Articles Courtesy:

http://paksabka.com.pk/2014/03/10/be-pakistani-buy-pakistani/

http://amfunworld.blogspot.com/2011/02/10-reasons-why-i-still-love-pakistan.html

BE PAKISTANI, BUY PAKISTANI

Nadia Rafiq Butt.
Pakistan like many other countries is striving to get a positive image for one reason or the other. One can spell out a number of reasons. On top is sectarianism and extremism which has become plague for our society. Then is the law and order situation, frequency of murders and thefts and all such crimes. However, this doesn’t suggest that things are not under control. There are good people and good things to report. It must be admitted that human societies have their limitations. Freedom, justice and equality are only ideals. Total justice and peace is not humanly possible. Instead of looking at it in a negative way, one should look at those negatives with a glass half-full approach, and one should realize that spreading positivity instead of deprivation and scarcity would serve the cause better as we all hold responsibility being nationals to our homeland. Man will only remain on the right track if a mental discipline is shaped by education and if there is a fear of law, justice and punishment, in short dispense of justice without fear or favor. If a society enjoys justice and fair play it will surely portray soft image.
If our social, economic and administrative systems work reasonably and efficiently no harm can come to Pakistan. If all get justice and feel secure no one will think of any criminal activities. Every citizen must have confidence in its justice system. There can be no peace without justice and no civilized society without education. In the absence of justice and literacy no one can vision of credibility of sound reputation of the country.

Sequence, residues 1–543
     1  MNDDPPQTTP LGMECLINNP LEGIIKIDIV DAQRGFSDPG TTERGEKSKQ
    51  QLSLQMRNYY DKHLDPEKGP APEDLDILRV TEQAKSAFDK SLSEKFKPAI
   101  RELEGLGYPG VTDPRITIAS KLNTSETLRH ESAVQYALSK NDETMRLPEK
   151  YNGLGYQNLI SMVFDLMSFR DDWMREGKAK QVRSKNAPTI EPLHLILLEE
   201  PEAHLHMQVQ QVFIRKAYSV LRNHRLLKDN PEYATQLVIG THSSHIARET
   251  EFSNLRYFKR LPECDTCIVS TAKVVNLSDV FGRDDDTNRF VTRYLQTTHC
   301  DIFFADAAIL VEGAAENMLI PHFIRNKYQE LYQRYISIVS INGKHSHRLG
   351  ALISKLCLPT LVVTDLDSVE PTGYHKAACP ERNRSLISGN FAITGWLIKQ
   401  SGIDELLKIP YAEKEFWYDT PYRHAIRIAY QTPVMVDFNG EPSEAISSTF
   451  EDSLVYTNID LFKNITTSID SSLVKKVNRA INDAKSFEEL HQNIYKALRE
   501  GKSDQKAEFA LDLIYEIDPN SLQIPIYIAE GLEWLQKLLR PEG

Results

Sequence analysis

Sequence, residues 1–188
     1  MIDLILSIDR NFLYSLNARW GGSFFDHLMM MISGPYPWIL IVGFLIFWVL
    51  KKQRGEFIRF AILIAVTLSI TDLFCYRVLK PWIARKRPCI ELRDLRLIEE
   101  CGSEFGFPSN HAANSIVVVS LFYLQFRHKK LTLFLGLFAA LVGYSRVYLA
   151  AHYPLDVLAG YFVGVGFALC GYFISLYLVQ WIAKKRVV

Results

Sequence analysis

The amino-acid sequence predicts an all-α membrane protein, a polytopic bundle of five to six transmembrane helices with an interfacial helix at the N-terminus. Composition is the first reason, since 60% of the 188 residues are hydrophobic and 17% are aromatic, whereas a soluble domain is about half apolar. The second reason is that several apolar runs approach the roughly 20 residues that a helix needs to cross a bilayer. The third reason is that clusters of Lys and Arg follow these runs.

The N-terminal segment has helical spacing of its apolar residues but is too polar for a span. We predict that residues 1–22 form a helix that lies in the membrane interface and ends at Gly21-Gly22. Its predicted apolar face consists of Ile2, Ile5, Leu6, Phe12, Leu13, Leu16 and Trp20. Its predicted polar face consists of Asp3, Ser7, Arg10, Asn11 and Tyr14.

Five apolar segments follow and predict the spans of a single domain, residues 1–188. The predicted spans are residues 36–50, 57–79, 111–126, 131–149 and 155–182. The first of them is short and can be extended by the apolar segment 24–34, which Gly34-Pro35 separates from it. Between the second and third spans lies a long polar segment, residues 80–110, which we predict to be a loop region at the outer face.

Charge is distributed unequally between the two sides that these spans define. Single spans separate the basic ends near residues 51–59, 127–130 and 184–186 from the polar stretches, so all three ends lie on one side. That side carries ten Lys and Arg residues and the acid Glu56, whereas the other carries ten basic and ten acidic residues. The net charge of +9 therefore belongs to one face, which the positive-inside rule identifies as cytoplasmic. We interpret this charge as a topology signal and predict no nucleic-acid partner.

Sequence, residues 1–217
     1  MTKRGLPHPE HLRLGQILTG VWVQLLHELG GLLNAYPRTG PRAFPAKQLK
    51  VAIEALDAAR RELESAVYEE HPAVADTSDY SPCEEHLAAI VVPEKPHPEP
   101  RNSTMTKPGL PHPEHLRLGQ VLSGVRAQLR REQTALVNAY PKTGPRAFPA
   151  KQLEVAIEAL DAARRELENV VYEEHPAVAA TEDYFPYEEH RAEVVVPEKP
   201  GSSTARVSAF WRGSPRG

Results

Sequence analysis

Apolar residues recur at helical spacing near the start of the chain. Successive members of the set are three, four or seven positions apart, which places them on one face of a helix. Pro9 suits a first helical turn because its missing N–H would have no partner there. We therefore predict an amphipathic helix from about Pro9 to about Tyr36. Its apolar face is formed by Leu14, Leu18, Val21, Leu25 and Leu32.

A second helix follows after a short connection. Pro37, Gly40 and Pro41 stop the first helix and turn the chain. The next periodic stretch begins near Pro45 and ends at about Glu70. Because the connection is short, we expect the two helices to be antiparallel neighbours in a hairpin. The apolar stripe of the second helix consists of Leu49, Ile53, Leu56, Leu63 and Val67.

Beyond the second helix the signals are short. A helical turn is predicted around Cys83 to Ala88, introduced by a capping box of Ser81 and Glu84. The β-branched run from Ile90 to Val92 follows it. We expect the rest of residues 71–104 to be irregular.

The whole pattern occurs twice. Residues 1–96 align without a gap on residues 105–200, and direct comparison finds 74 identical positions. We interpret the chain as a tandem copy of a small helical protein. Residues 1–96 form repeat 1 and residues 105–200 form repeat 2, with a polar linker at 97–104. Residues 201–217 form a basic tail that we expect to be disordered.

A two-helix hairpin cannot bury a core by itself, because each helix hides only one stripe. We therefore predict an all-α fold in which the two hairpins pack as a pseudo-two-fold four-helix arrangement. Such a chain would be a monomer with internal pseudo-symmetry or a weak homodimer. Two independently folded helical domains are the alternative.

Apparently Pakistan’s softer image is being portrayed by book releases, rock concerts and exhibitions nationally either internationally. Somehow we misunderstood the reality that the solution lies to the problems of country. We can somehow fix this problem by altering our international image of being naïve along with gratified and full of pride of our own culture and traditions. We have to come out of copying and competing others thereafter. If we can value our own culture and traditions showcasing higher values and norms with self-dignity only then we can gently put others on the track of respecting our culture and traditions in reciprocation.